by Steve Liddick
Sticking to a diet requires a will of iron, but keeping that weight off is more in the titanium class.
I’ve lost hundreds of pounds. Not all at once, of course; twenty pounds here, thirty pounds there. Then I would look at myself in the mirror and say ‘what a good boy am I’. People would tell me how great I looked. Clothes I had delayed giving to the Salvation Army fit me again.
For the good job I had done I would treat myself to a banana split with double whipped cream. Now that I weighed so much less I figured I could stop torturing myself and have some of the good stuff.
The problem with that logic is that it takes a certain number of calories to sustain the weight a person is supposed to be. Any more than that goes on places incompatible with the bikini season.
I discovered that, while I am an expert at losing weight, I am an absolute failure at keeping it off. In six months I had gained back every bit of what I had lost—plus another ten pounds.
Walking across a room became a challenge. Getting in and out of my car or my easy chair took a rocking motion to get me on my feet. It was like carrying a four-year-old child around with me all day long.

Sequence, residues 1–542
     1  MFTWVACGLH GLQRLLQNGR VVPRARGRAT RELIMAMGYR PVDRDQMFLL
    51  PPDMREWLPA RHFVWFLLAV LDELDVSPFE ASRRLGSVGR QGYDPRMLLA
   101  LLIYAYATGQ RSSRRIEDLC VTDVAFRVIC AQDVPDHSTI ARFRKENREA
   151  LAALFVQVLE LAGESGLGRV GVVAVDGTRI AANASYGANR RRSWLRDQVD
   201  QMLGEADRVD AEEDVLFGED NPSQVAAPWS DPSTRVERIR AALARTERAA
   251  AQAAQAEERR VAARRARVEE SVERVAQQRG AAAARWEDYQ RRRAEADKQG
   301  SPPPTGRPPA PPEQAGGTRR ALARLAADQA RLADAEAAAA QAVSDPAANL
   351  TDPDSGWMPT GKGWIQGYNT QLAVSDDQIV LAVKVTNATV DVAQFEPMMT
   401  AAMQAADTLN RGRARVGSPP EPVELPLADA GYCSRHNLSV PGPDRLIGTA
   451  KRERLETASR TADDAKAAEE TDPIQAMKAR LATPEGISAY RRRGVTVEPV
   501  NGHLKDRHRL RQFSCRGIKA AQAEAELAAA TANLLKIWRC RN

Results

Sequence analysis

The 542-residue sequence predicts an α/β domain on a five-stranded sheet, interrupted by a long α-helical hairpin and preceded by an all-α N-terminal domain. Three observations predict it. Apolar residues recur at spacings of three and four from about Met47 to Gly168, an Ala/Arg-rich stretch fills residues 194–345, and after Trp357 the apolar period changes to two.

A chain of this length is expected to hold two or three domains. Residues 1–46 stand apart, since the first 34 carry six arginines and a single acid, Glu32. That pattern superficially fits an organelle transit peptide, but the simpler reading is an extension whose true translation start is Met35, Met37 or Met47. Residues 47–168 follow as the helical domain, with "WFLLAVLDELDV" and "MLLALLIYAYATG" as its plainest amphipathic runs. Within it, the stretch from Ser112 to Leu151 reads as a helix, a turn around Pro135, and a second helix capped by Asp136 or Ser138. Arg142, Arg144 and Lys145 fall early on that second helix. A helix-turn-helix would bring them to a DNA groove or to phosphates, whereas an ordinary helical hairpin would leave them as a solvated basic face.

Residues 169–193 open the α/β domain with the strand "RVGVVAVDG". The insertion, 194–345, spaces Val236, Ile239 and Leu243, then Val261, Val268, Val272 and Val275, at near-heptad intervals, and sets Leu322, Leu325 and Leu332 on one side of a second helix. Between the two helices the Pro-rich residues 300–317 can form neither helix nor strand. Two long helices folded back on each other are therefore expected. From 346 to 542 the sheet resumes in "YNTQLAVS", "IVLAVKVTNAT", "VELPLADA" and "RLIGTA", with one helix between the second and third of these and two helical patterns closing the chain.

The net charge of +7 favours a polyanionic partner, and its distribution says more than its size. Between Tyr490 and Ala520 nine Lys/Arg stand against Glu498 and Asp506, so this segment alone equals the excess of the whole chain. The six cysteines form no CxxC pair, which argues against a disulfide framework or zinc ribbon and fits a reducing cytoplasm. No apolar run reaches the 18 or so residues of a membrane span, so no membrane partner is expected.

The bathroom scale would moan when I stepped onto it as if to accuse me of cruelty to appliances.
Okay, I said, that’s it! Once more my weight-losing expertise kicked in. I knew that losing weight fast was a sure way for it to come back. It took me about a year to get to the weight I wanted to be. No more sugary stuff. No more of my beloved ice cream. My idea of an appetizer had been a bag of Cheetos. No between-meals snacks of any kind. Part of keeping the weight off is to train oneself to eat only at mealtimes, use smaller plates and bowls for meals, and never go back for seconds. No snacks ever. Fruit was my dessert.
I had learned the hard way that when someone tells me I look good, that is not permission to hop back on the pig wagon.
It was a daily fight not to return to my old ways. Those fat cells screamed to be filled up again. I expected it to be tough for awhile. I quit smoking nearly a half century ago and it took a couple of years before I no longer wanted a cigarette. I assumed it would be like that with food, so I prepared for the long haul.
I had heard all those jokes people made about my weight: “For my next vacation I want to take a trip around Steve,” “If you get on the elevator with Steve, you’d better be going down,” “He can’t sleep on his stomach because he’s afraid of heights.”
My metabolism may have been messed up, but there is nothing wrong with my hearing.